Where is San Francisco Today?
IBM’s San Francisco project is no longer news—it’s been given a high profile with business partners and customers for seven years now. But while the marriage between object technology and sharable application frameworks is a blessed event, there is now restlessness and a need to look outside for new ideas and partners. A technology “seven year itch” has occurred.
San Francisco, for the uninitiated, is a set of object-oriented business process components, which can be used for commercial applications. Essentially, rather than hand-coding every piece of every applications, or being stuck with functionality and design from a third-party software vendor, San Francisco promises the customer reuse of application software “components.” A car assembly plant uses prefabricated components from a variety of suppliers, many of which are used in different models of cars and trucks. It doesn’t use a pile of iron ore, a load of rubber and a container of polystyrene pellets as its input. Nor does every car assembly begin with a Toyota Corolla, which is then modified to become, say a Jeep Cherokee. So too, developing an integrated order entry and warehouse management and AP/AR application does not need to start with an army of RPG programmers or a force-fed ERP application.
Thus, San Francisco is a set of business tasks designed to work together and form a prefabricated structure/template of an application. It was designed to be extended by the customer or the Business Partners/ISVs. It lowers the entry barrier to OO for customers and allows for integration of best-of-breed applications from different vendors.
A first version of San Francisco (SF 1.1) was delivered in August 1997. The effort was driven largely by IBM executives and employees associated with the AS/400 Division. The San Francisco architecture is based on three layers. Underneath these layers is a platform-independent approach. That is, San Francisco is fully dependant on an underlying Java Virtual Machine, which ensures that its logic is executed correctly on a variety of platforms that includes AIX, Windows NT, OS/400, Solaris and HP/UX. The first release focused on providing a foundation layer, and made common business objects and a GL application framework visible to customers.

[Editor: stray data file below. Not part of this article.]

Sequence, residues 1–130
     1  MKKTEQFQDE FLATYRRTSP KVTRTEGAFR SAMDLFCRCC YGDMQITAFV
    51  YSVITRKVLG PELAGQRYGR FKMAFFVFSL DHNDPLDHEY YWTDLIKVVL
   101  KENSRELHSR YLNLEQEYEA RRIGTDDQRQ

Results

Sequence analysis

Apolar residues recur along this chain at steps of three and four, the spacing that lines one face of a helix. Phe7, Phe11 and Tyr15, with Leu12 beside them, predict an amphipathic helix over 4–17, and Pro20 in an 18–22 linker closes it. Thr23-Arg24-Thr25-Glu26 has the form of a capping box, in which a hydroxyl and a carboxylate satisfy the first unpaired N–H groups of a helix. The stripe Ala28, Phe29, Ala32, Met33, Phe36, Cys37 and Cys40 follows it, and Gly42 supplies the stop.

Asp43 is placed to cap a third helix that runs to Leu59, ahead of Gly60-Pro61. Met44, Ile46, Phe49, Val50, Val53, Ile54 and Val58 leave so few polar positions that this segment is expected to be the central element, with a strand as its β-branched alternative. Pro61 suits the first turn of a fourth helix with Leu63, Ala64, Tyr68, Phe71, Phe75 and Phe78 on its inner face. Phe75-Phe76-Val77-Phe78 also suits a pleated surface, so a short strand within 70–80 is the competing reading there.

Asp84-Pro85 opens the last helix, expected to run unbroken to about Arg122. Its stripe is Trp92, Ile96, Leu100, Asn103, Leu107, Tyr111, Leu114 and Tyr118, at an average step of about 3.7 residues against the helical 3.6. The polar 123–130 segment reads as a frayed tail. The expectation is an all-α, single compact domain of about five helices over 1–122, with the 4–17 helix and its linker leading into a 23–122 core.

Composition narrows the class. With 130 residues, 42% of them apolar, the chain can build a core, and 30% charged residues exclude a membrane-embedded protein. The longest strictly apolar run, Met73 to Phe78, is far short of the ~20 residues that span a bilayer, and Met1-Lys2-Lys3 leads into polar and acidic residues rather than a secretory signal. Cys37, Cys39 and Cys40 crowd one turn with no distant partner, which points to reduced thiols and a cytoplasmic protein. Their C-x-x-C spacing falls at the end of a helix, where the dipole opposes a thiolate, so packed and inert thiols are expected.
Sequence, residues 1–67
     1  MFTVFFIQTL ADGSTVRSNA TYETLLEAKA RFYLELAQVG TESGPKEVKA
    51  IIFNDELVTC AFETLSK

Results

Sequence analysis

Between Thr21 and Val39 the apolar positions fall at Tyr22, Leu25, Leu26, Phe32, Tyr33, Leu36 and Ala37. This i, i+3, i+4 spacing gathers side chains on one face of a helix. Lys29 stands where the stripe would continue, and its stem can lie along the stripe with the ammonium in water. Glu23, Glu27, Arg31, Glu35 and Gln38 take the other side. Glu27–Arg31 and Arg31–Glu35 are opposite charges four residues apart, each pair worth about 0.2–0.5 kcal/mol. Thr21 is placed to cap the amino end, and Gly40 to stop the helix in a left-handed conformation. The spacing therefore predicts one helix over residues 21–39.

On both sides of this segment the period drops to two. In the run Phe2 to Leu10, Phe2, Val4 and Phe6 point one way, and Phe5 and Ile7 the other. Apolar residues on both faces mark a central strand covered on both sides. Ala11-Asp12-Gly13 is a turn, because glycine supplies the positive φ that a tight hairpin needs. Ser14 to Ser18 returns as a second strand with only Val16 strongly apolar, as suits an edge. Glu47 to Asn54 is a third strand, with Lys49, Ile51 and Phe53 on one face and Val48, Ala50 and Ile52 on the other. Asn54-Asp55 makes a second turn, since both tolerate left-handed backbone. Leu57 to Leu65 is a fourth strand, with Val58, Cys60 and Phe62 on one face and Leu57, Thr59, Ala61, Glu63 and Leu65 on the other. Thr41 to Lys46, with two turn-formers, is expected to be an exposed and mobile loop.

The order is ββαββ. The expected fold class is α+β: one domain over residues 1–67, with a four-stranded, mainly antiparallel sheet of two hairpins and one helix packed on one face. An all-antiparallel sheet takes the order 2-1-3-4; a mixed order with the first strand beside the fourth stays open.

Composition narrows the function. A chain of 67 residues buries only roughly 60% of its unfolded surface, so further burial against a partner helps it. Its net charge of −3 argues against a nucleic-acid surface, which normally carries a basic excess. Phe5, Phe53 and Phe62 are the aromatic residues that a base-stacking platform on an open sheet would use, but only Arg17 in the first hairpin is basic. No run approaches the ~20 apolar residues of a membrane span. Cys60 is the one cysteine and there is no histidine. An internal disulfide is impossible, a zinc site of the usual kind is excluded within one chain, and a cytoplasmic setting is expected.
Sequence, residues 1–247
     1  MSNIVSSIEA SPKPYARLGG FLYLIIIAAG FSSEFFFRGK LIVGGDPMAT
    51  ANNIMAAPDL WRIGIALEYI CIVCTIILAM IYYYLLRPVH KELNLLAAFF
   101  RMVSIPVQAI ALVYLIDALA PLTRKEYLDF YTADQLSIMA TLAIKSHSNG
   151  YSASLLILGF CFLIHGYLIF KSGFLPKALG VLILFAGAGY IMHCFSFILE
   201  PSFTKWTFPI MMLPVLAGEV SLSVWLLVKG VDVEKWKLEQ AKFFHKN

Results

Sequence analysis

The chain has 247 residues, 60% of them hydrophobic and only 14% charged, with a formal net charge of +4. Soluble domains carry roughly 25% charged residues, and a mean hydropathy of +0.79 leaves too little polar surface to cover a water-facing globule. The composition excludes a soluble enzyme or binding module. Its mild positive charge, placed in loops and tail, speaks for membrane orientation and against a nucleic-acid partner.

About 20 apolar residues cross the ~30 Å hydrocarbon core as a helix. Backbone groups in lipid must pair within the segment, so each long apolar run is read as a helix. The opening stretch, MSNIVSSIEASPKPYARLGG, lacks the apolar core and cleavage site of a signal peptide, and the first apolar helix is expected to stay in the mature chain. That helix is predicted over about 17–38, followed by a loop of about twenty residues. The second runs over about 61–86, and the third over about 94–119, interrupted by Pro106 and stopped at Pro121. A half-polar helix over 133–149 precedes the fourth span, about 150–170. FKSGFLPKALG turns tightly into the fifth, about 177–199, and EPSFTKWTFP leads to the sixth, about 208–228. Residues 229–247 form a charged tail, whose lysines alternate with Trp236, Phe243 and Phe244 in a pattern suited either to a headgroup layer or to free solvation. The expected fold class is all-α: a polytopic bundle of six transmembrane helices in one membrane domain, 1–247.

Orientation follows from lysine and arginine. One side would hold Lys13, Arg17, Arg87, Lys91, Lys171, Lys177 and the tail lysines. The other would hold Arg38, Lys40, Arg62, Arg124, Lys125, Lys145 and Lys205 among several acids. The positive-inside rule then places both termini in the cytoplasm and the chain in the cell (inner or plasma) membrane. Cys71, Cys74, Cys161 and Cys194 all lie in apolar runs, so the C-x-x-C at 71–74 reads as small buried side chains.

Its implementation, as a pioneering effort, was monumental. It was also very smart of IBM to target Java as the implementation language. Practically though, its performance was insufficient, and it was hampered by internal IBM rivalry between the AS/400 group and IBM’s Software division. Strategically, its technical Achilles’ heel was the object model. Because no industry standard object model existed, it was implemented in a proprietary fashion.
Release 1.2, delivered in March 1998, answered the performance bell, and also delivered a Graphical User Interface-based framework. Users then realized that the utilization of object components, and all its inherent layers and abstraction, places a recognizable “performance tax” on the application—even when the code is optimized. This is still true today, but it is made manageable by the colossal increases in computing power that are now available. SF 1.3 was delivered in November 1998, refining the layered architecture and support for different platforms. (Interestingly, despite being “born” in Rochester, home of AS/400, San Francisco was developed using Windows NT!)
What has changed since San Francisco was first designed and implemented, is that we have an evolution of industry object standards centered on Java. Students of Java recognize what Enterprise Java Beans (EJB) can accomplish both technically and practically. It’s being accepted as a standard in the marketplace. IBM has developed WebSphere to support the Java and EJB standards across all of their platforms.
Thus, San Francisco must undergo changes to be commercially successful. The pioneering, the learning, the hard stuff has all been done. Now IBM must rework the underlying foundation and utilities layer to be WebSphere-based. It must work on IBM and Non-IBM Enterprise Java Bean servers. IBM is planning to migrate the San Francisco Common Business Objects to an EJB infrastructure and will change the name to reflect this. Once this migration occurs they will be known as “WebSphere Solution Components” (WSSC).
Seven years of object design, object development, partner involvement, Java delivery and performance, have resulted in functional and usable business components. With one more twist, the object model will be based on the EJB standard and IBM will have a single application component solution. While the new WSSC’s technical details are not fully available, I’m predicting that the WebSphere implementation will scratch the seven-year itch.
Mark Buchner is president and founder of Astech Solutions Inc (Aurora, Ontario). firstname.lastname@example.org
Related Information:San Francisco Project Overview (new window)